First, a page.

Wednesday , February 1 2023

Capital One and GitHub have been sued for major data breaches


Capital One and Microsoft-owned GitHub are facing legal action for not doing enough to protect the personal information of more than 100 million bank customers affected by a massive data breach.

The case was filed Thursday in federal district court on behalf of plaintiffs Aimee Aballo and Seth Zielicke, though if granted claim status it could include 106 million Capital One clients, which the bank opened this week, are affected by the breach in question. .

The lawsuit alleges that both companies should be held responsible for failing to exercise reasonable care in "protecting and protecting the claimants' and class's personal information," although Capital One has not yet notified customers whose information has been compromised.

"This is the result of the negligence of two companies that are complex and should do better," lead plaintiff lawyer Sabita Soneji told Business Insider. "They have shaken their obligation to protect this data."

Read more: The woman accused of stealing 100 million people clings to the FBI with fanciful praise on Twitter, GitHub and Slack

Although the massive data breach became clear this week, access to customer information was in March, according to the initial criminal complaint in the case. The same complaint showed that Capital One only knew about the data breach due to an email tip earlier this month by an "outside security researcher" who found client data published on GitHub, owned by Microsoft's code sharing platform.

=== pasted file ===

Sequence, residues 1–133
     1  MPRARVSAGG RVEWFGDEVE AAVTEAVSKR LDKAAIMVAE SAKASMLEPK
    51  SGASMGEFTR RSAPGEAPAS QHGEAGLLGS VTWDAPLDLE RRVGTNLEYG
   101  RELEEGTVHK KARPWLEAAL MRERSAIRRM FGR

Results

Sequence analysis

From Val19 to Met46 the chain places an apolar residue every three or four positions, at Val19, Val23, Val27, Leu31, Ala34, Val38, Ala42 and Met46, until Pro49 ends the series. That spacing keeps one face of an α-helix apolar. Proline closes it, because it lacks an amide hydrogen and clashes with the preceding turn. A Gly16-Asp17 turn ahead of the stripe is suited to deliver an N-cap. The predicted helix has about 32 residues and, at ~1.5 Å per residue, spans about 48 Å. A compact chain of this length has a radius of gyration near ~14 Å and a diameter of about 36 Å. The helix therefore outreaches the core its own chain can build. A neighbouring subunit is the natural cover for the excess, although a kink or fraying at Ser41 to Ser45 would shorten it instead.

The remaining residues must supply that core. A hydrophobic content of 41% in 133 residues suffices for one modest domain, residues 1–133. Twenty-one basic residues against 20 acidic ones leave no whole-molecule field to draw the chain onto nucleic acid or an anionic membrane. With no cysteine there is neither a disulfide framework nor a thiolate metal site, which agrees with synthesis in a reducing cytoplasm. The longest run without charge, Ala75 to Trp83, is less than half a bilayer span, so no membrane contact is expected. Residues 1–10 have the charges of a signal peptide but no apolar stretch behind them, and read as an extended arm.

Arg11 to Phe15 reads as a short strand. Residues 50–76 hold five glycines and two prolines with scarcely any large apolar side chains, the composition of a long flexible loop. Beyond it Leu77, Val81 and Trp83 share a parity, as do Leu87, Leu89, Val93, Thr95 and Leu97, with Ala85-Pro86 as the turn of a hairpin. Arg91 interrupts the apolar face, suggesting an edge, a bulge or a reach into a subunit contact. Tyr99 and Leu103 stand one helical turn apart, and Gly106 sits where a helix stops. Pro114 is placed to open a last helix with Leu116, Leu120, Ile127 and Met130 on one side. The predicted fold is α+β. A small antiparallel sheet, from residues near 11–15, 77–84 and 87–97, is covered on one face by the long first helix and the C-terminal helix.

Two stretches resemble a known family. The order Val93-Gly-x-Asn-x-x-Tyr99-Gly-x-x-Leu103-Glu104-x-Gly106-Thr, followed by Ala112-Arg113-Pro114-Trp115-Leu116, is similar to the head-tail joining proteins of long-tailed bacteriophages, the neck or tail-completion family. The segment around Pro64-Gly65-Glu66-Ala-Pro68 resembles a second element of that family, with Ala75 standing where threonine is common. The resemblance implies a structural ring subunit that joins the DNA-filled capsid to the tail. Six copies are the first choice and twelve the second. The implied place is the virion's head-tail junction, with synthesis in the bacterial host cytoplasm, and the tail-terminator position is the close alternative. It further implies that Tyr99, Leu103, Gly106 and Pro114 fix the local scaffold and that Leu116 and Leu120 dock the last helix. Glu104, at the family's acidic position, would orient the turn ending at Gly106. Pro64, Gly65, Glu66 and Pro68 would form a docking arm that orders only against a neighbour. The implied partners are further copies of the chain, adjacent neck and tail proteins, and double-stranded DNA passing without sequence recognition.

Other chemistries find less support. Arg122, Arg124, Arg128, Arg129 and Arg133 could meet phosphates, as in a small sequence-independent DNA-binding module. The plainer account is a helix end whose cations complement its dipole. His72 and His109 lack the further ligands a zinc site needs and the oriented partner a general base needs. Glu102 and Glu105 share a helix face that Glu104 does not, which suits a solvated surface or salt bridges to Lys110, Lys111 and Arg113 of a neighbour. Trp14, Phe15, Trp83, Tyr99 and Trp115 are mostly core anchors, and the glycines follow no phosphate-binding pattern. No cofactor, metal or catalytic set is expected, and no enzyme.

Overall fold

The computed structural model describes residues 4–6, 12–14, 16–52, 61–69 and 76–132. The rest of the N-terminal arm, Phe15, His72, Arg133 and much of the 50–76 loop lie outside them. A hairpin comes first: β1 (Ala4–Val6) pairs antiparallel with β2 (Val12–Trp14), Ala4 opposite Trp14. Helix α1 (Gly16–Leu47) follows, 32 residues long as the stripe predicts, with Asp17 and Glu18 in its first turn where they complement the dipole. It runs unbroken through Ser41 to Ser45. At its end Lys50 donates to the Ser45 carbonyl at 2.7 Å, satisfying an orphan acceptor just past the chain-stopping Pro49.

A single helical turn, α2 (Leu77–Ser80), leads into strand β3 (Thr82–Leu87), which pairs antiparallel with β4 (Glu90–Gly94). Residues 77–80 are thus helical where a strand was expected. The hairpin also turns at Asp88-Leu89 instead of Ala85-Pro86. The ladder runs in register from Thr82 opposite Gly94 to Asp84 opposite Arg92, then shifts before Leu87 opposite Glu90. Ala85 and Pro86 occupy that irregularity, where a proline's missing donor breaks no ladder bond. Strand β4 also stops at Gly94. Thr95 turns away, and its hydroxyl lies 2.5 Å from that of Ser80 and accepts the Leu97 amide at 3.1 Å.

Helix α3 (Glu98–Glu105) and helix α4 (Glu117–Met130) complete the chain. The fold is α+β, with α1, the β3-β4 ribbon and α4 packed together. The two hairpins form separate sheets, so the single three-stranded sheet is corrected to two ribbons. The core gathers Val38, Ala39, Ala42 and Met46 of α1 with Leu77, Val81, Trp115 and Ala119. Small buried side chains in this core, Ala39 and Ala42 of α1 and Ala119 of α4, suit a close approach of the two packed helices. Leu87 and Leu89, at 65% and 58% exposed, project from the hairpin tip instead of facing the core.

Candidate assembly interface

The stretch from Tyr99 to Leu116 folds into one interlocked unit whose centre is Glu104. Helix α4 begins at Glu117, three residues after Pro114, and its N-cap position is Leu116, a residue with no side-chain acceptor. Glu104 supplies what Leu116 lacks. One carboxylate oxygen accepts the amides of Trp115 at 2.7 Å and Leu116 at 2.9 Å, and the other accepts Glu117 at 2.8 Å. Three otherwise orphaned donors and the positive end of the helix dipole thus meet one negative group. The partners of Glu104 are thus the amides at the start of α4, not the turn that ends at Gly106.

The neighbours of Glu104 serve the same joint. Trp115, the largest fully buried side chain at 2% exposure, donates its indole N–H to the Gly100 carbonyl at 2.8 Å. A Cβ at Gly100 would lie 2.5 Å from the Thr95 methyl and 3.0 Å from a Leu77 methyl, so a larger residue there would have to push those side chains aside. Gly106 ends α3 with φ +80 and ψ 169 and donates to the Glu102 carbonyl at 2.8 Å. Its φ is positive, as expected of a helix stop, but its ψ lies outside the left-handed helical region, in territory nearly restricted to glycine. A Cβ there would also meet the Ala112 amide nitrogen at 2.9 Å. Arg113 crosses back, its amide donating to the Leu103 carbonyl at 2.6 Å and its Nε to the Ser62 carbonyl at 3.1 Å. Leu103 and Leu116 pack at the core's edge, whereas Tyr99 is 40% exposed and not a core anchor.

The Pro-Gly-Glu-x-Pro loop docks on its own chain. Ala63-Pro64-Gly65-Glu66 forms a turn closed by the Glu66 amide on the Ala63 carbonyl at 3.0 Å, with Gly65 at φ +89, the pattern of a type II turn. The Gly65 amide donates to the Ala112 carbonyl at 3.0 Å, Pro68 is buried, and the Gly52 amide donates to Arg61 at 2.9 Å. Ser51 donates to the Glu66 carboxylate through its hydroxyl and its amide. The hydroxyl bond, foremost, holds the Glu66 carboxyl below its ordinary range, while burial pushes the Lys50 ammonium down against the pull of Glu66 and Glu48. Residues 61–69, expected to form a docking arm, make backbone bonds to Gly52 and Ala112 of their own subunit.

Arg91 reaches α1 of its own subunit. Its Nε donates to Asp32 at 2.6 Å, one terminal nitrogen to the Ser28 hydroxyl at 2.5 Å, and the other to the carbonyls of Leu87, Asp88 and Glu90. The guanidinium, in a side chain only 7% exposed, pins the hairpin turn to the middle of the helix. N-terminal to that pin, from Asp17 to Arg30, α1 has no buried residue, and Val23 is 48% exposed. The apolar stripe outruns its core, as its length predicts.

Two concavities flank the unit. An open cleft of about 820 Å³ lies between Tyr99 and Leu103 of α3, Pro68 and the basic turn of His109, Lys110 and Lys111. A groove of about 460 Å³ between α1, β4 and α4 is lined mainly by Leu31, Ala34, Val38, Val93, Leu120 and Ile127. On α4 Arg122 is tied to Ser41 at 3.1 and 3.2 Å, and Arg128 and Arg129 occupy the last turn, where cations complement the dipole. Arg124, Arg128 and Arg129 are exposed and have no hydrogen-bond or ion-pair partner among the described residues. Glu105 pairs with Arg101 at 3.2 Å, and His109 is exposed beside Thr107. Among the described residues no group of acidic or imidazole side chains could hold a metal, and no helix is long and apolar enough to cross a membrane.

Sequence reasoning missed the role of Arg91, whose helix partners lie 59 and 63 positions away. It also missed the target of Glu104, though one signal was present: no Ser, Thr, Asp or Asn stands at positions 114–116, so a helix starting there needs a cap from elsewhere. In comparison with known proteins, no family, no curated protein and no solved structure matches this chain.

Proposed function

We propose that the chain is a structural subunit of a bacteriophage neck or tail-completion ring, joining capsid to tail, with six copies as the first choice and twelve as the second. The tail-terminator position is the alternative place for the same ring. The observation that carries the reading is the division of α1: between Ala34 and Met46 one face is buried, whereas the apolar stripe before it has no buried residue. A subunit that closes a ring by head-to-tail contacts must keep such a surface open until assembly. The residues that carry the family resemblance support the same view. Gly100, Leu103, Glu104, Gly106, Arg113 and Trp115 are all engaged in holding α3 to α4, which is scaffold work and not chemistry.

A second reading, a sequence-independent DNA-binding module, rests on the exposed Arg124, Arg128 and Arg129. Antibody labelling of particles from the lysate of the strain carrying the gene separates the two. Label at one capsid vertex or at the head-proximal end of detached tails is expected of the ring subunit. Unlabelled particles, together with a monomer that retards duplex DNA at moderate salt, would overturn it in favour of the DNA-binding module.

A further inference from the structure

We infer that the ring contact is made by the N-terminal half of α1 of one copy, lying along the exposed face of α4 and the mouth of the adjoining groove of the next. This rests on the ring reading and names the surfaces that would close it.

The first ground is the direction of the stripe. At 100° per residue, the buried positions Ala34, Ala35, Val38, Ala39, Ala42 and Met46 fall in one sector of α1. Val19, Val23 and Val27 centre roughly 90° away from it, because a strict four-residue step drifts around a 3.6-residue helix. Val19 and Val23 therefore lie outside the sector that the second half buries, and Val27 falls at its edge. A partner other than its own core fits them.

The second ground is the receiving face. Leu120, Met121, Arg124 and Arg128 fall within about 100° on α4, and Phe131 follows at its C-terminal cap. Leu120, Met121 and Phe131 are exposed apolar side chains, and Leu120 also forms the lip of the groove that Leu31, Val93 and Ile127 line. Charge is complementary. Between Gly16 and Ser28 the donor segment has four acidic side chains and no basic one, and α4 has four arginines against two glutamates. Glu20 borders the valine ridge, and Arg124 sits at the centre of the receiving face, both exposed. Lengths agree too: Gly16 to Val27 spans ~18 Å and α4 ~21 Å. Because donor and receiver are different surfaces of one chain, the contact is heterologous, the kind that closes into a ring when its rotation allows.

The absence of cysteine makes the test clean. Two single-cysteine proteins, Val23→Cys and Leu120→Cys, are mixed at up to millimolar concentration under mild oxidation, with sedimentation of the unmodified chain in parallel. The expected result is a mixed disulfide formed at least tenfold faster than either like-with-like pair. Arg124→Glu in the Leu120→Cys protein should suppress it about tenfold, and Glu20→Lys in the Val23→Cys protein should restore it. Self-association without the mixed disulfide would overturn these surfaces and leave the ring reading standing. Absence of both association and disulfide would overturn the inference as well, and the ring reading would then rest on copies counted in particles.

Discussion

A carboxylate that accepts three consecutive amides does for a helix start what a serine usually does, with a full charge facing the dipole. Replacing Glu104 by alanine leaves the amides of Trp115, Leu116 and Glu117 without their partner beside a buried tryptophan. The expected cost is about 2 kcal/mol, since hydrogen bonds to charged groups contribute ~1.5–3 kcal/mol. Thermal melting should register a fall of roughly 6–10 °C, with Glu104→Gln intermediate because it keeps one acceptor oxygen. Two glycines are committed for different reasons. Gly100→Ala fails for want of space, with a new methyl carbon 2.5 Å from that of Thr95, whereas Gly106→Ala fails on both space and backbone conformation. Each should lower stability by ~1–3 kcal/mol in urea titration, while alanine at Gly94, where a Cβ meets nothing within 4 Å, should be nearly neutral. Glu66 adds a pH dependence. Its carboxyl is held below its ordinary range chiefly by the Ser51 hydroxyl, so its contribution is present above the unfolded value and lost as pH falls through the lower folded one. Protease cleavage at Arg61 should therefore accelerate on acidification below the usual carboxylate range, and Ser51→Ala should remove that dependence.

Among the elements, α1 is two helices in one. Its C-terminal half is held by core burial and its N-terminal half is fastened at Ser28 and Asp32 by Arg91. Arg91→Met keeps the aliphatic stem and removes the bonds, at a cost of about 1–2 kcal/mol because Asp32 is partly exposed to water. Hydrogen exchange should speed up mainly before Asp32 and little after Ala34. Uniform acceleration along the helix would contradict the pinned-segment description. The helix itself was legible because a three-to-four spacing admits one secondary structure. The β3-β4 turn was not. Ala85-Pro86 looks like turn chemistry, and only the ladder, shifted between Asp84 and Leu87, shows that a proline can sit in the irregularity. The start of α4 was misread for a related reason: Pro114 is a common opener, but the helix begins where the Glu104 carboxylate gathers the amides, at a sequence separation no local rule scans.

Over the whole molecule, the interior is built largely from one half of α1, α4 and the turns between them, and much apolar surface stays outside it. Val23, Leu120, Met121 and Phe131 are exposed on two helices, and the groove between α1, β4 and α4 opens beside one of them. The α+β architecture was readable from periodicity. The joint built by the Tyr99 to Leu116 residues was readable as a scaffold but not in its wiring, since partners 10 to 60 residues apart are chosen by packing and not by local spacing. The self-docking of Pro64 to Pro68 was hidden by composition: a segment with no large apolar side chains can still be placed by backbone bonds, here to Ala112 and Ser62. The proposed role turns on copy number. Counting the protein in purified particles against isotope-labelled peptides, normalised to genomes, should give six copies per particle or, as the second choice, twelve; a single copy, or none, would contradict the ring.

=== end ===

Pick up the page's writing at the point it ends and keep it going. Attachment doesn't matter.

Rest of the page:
The documents also say that the alleged hacker in this case, a former Amazon Web Services employee named Paige Thompson, boasted of stealing Capital One data on his GitHub page.

The court case alleges that GitHub should have been able to identify and remove "apparently hacked data" posted on its website. Instead, the data sat on a "publicly accessible website" for nearly three months before the user reported it to Capital One, the case alleges.

In addition, GitHub is being wronged by the lawsuit that there are no content moderators – like those on Facebook, YouTube and Twitter – whose job it is to monitor policy-breaking and behavioral publishing platforms and be downloaded. If GitHub had such moderators, identifying something as simple as nine-digit Social Security numbers would be much easier to identify, the case claims.

"There is still an obligation to monitor your site. This is a place that encourages developers to leave data and code, "lead lawyer Soneji told Business Insider. "If they host a platform, they should do better."

The court case also states that Capital One reported data breaches in November 2014, August 2017 and February 2018.

"The plaintiffs and class members were foreseeable victims of inadequate Capital One data security practices and actually suffered damage caused by a breach of Capital One's obligations," the court said.

The lawsuit says the plaintiffs are seeking "compensatory, consequential, general and nominal damages" of at least $ 5 million, according to court documents.

Neither Capital One nor Microsoft, which owns Github, responded to Business Insider's request for comment.

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